Especially brilliant is Terry’s internal narrative voice which, like some sort of incubus squatting on his soul, is permanently present to advise and corrupt him.
For the price of your ticket you get singing, some barking, some arguments, some disgust and all is mixed together with a multiple personality disorder to make a comedy cocktail or unique flavour. By the end of the show you feel your sanity has been redefined and the world will never seem quite the same again.
A brilliant show that inhabits its own as yet undiscovered dimension of existence.
Tom Ward – Love Machine – The Tron – 15.40
A comedian can be as well-prepared as possible, but when you need to get something out of your audience in order to use it later in the show and your audience members are uncommunicative and gormless, then it does rather knacker you.
This is what happened to Tom on the day I saw him, meaning that the first 15 or 20 minutes was very flat and he had to work hard to really get the comedy engine revving. Such is the life of a stand-up. But importantly, when he got into the meat and two veg of the show it was a brilliantly creative excursion into a very individual comedic universe.
When he reappears as his mother and proceeds to use loop pedals for tremendous comic effect, it was absolutely hilarious. Even battling with his boring audience input, he puts on what is clearly a 5-star show on a better afternoon.
Tom Houghton – Class Half Empty – Gilded Balloon – Wee Room – 17.45
This is both clever, passionate and soulful. Tom knows that as the poshest person any of us have ever been in a room with (he lives in the Tower of London. No, he really does!) he has to breakdown a lot of potential unrelatable posh boy resentment. He achieves this with charm, energy and self-deprecation.
It is a show densely packed with material as he takes us through moments of self-discovery towards a greater understanding of self and life. He’s been playing to capacity crowds all month, albeit in a small room, and from what I witnessed, this is because has a broad appeal.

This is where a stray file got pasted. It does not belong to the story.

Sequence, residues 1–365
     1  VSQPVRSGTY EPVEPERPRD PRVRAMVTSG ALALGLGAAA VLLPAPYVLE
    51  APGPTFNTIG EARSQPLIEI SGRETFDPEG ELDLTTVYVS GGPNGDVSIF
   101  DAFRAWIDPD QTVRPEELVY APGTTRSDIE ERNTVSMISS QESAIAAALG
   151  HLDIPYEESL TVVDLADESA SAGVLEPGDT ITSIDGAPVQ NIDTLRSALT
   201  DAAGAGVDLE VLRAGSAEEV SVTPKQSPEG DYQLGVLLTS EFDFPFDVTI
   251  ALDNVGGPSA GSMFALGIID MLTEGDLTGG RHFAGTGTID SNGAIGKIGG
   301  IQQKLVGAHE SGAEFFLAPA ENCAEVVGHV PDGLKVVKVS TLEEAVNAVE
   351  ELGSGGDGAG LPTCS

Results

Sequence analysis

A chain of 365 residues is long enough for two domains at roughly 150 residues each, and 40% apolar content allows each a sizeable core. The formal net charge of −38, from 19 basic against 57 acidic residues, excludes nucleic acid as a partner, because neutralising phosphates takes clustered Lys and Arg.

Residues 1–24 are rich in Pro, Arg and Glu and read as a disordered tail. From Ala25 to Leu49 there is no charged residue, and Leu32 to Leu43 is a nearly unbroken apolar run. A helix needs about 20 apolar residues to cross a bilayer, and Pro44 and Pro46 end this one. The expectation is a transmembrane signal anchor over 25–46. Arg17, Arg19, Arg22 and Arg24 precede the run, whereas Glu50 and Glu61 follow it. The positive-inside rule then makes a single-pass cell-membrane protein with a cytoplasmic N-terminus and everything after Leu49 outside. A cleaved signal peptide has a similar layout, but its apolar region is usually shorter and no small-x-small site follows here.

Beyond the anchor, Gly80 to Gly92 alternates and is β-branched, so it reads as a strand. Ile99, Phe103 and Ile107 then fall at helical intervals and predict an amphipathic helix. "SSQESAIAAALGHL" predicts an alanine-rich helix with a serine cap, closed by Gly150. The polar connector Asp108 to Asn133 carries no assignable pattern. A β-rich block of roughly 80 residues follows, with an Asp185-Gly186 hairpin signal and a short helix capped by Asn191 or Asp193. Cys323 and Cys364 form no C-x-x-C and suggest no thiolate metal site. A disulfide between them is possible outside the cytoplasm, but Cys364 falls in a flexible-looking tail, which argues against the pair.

Although a performer for some time, he’s only a year into his stand up career and it is patently obvious he’s really put a lot of work in to get his chops this good so quickly. He’s certainly a man we’re going to be seeing a lot more of in the near future.
Jonny Pelham – Just Shout Louder – Gilded Balloon – Balcony – 19.45
Because he’s a likeable comedian, Jonny can ride out weaker material without losing the audience which is just as well with this set. His act centres around his worries, neurosis and various physical issues. It chimes well with his audience because we’re all a mess of fretting, self-conscious failings, but it isn’t delivered with enough cogency and emotional commitment to make it really funny. This leaves you in an odd situation where you can recognise the material is amusing, but in the hands of someone with greater access to the wild dogs of their own soul, would be hilarious. His interaction with the audience isn’t sharp enough and just slowed things up as a result.
Playing to a small audience must be dispiriting, but you can’t take it out on the few who have turned up, nor can you indulge in too much self-pity, because it won’t make things any better.
There’s some good material here and some laughs, but it’s all played on 33 ? when it really needs to be on 45.